More Hamilton seniors are living on lower incomes, especially in the lower city
A growing number of seniors are working, but not always by choice
The number of seniors in Hamilton is growing substantially, and more of them are working longer, have lower incomes and are living alone.
That's the finding of a new Vital Signs report from the Hamilton Community Foundation.
It found the number of people aged 85 or older grew by 55 per cent over 10 years.
Of those 65 and over, about 11 per cent fell below the poverty line of $20,386 — especially in the lower city.
The ratio of seniors who are working has doubled. And of those working, many are in low-paying jobs, says Jeff Wingard, Vital Signs project director.
"We saw a rise in poverty rates for the first time in recent memory," he said.
Seniors' poverty was more prevalent in the 1970s, and there was concerted political effort to reduce it, Wingard said. "When we start to revert, it's something we need to pay attention to."
The Hamilton Community Foundation regularly releases Vital Signs info, gathered from Statistics Canada, the National Household Survey and other data sources. It already contains useful information, such as the number of commuters who live in Hamilton, how people get to work and how much they're spending on housing.
The latest release focuses on seniors, specifically their demographics, health, housing and income.
Wingard said the trend of more seniors working is great if it's by choice. But he suspects it isn't always, especially since they're often in lower-paying retail jobs.
"Jobs that used to have pensions and retirement plans are disappearing," he said.
"A lot of people are choosing to work past 65 and that's great, but there's also a group of seniors out there continuing to work because they have to and not because they want to."
Another stark finding, Wingard said, is the growing isolation.
Nearly 75 per cent of seniors live in their own homes, and most are single detached houses. And that percentage is increasing.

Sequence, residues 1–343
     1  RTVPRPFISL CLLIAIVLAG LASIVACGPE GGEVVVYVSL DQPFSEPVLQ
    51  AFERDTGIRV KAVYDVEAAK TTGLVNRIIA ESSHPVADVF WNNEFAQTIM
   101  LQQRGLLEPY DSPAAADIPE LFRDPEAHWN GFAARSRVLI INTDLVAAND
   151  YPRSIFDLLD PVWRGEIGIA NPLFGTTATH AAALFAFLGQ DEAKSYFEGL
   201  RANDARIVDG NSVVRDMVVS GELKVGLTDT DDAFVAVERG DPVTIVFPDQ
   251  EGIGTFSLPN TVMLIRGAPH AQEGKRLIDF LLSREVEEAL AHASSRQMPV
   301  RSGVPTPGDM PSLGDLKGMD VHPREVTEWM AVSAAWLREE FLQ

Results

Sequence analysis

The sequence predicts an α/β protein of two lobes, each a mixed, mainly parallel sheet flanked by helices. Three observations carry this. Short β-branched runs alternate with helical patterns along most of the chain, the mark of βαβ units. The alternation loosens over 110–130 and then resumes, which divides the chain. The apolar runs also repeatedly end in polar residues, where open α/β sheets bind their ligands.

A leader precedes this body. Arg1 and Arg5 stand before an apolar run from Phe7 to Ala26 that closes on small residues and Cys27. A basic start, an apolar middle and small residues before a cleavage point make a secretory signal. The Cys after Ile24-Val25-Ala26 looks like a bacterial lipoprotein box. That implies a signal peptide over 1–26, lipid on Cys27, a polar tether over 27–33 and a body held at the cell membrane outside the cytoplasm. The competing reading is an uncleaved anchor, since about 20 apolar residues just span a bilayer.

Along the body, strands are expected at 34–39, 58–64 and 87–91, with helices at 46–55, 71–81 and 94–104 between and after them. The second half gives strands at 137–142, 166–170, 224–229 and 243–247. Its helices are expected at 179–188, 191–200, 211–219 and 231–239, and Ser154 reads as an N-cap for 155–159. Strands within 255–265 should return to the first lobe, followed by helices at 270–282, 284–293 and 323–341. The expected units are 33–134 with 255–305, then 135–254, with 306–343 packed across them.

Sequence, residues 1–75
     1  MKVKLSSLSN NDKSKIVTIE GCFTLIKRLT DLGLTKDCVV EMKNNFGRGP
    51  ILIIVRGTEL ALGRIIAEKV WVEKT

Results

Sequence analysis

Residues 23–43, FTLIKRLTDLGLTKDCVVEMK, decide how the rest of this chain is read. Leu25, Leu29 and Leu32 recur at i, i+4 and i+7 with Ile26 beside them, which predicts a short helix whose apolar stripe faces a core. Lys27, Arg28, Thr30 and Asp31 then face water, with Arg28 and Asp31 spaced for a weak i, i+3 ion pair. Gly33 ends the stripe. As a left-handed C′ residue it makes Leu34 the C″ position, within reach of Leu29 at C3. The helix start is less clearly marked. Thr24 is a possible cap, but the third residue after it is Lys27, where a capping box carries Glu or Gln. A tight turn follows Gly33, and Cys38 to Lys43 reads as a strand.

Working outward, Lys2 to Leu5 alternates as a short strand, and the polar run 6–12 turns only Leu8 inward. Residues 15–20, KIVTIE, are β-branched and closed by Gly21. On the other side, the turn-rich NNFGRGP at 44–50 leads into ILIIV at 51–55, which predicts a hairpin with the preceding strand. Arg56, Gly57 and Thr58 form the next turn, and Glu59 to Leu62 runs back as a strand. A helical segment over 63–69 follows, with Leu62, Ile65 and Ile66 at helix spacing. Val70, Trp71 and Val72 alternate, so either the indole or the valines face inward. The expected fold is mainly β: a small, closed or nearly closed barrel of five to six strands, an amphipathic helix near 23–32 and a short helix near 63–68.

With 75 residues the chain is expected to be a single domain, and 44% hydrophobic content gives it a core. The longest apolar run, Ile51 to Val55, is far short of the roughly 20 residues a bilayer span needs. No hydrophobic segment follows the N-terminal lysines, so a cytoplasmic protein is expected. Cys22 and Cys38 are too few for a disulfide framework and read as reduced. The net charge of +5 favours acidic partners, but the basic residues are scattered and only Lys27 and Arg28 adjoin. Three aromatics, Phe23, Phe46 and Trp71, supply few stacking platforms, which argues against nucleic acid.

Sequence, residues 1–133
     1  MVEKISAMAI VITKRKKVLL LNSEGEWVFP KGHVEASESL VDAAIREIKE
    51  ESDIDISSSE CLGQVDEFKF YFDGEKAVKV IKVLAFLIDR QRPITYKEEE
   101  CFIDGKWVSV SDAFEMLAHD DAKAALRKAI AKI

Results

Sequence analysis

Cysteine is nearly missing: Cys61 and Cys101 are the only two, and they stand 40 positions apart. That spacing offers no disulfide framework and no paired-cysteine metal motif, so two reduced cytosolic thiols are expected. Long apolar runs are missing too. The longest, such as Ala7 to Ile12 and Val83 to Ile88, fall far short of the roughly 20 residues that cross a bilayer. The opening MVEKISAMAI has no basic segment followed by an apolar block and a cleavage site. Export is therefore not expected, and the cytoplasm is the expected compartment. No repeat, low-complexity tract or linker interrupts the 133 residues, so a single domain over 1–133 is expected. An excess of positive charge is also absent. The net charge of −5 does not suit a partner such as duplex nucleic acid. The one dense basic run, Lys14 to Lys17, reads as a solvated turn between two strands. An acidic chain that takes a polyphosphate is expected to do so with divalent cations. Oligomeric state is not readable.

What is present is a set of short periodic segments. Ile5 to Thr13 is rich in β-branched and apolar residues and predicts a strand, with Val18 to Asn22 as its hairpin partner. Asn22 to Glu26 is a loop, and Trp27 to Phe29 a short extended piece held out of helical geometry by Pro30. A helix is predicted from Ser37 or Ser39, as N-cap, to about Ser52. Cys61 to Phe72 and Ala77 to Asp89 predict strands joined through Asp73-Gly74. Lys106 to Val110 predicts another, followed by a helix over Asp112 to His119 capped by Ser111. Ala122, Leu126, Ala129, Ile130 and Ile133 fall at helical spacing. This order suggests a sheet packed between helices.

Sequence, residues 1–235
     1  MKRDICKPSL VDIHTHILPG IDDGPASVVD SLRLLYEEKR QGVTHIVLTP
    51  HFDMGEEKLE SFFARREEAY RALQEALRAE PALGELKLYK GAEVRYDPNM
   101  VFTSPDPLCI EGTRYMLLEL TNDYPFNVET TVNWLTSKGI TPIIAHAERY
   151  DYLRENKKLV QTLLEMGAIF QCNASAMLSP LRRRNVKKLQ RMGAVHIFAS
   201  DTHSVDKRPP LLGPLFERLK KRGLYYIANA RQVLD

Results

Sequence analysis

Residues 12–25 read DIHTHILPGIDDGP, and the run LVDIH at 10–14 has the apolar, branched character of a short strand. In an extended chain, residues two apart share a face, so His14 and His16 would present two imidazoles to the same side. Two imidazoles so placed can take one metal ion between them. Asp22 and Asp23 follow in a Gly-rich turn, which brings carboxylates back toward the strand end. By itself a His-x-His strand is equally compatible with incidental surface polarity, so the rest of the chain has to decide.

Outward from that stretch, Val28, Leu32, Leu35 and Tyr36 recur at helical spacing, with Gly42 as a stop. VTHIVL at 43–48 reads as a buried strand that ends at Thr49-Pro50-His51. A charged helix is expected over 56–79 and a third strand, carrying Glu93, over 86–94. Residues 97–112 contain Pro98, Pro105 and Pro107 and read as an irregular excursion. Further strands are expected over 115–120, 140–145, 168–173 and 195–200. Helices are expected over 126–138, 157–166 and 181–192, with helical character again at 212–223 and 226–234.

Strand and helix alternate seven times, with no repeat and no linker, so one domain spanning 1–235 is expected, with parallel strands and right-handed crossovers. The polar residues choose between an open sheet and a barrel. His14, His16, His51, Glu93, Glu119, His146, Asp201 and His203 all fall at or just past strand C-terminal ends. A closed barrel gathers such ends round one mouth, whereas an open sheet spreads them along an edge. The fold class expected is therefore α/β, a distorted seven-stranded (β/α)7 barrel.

Twenty-seven per cent of seniors live alone, he said, compared to 23.5 per cent provincially. Seventy per cent of those are women, a number that increases to 78 per cent for those over 85.
That also means loneliness and isolation is increasing, he said.
Here are some other findings:
- In 2016, just over 13 per cent of seniors 65+ were working, nearly double the 6.7 per cent in 2001. It increased about the same provincially.
- The number of seniors below the low income measure was 11.6 per cent in 2015, up from 8.3 per cent in 2010. The low income measure is $31,301 for a two-person household and $22,133 for a single person. The provincial average is 12 per cent.
- Poverty was especially stark in the lower city. In the area from James Street to Wellington and King to Cannon, 66.1 per cent of seniors fell below the low income measure. For Queen to James and Hunter to King, it was 53.2 per cent, and from Wentworth to Sherman and Main to Cannon, it was 48 per cent.
- Greater Hamilton Foodshare says there has been a 20 per cent increase in seniors accessing food banks in the last year. In 2018, seniors made up 4.6 per cent of all visits to a food bank. In 2017, it was 3.8 per cent. This is more extreme than the provincial trend.
- The median individual income for Hamilton seniors in 2016 was $29,780, lower than the median of $33,010 for all Hamiltonians. For people aged 65 to 74, the median income was $31,606. For those 75 to 84, it was $27,523, and those over 85, it was $26,940. The increase in median incomes for seniors was larger than inflation.
- Seniors account for 17.3 per cent of Hamiltonians. Dundas has the highest rate of seniors at 23.8 per cent, while upper Stoney Creek has the lowest with 10.9 per cent.